Smoke wieners as follows: Place into a pre-heated smokehouse and dry for approximately 30 minutes. Apply heavy smudge for approximately 90 minutes. Gradually raise smokehouse temperature to 165° F and smoke until an internal temperature of 152-155° F is obtained. Spot-check various wieners to be sure that these temperatures are reached.

If you do not have a steam cabinet, you may leave the wieners in the smkehouse at 165° F until you obtain 152° internally.

After smoking or cooking, the wieners should be quickly showered with cool water for about 10 minutes or until the internal temperature is reduced to 100-110° F. After showering with cold watter, allow wieners to chill and dry at room temperature until desired bloom is obtained.

Wieners should be placed in 45-50° F cooler and chilled until product has reached an internal temperature of 50° F.


Emulsifying Instructions:
Grind the meat and mix in the required seasonings. Then place the meat into a food processor, adding ice water to help the emulsifying process. This will reduce the strain on the motor of your food processor. Run the food processor until the meat has reached its smooth, emulsified consistency.







post #3 of 43

Hey design....... looks like your making a fresh sausage (no cure). Make sure you hot smoke them. 40 degrees to 140 degrees in 4 hrs. May I suggest the ryteck kutas sausage making book since you are just starting out. Its the bible of sausage making and would help you understand more about the sausage making processes......




The elk sausage looks great....................icon14.gif


Good luck and happy smoking





post #4 of 43

You can use your fine plate and regrind 3 or more times and get a pretty smooth consistency with it; in a food processor it really puts a strain on it and many have found out it will tear one up pretty quickly and it is a tedious process.  I've reground 3 times (total of 4) with good results and you're doing what a grinder does best.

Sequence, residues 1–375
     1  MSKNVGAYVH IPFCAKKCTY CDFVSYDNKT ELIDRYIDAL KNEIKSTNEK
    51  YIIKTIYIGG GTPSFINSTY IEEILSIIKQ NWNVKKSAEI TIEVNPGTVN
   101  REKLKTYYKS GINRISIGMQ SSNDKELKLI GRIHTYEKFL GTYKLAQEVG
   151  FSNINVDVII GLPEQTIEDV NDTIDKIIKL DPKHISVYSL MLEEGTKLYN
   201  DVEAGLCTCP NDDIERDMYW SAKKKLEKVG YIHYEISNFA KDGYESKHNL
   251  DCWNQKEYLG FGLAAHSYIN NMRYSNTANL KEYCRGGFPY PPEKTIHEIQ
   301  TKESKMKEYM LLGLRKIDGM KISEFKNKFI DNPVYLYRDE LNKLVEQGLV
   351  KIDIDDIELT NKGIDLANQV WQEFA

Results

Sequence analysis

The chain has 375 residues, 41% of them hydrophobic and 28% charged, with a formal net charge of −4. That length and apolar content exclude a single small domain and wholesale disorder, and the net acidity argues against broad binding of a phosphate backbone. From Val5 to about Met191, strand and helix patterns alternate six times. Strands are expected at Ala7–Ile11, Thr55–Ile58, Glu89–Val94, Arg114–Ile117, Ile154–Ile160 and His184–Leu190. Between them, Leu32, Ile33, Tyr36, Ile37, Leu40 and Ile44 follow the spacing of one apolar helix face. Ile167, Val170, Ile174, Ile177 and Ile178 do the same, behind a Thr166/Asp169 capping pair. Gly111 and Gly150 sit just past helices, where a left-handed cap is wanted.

Keep posting your results and let us know your findings.  That is the most fun, testing and eating your mistakes until you get it just right!  Make sure, however, you keep detailed logs to refer back to; there are tools available on here to to that.

And, before you go further, please jump to Roll Call and introduce yourself and allow us to welcome you properly!  

post #5 of 43

Nice looking sausage! You should consider using cure if you want to smoke them, it's much safer.

As far as texture goes a binder might help, but I'm wondering how much salt you used and did you mix it long enough to get a good bind? After mixing long enough the meat/spice mix  should be very sticky. The salt and mixing are needed to extract the proteins that causes  the moisture to bind, it will also coat the fat with protein which in the end gives you a nice mouth feel. Not enough of either will give you a dry crumbly texture.

post #6 of 43
Thread Starter 

Thank you all for your answers!
Yes the first test that I made was a fresh sausage, and I smoked it ( a bit too much, it was hard to keep the temperature down... ) in our Weber Grill.

After that I put them in the freezer.


I don't want the Hot Dog style, thats why I started to do my own sausages in the first place :)
I just want it to be a little bit more smooth than the first attempt, and I think that I should try grind/mix it more, and perhaps add some binder.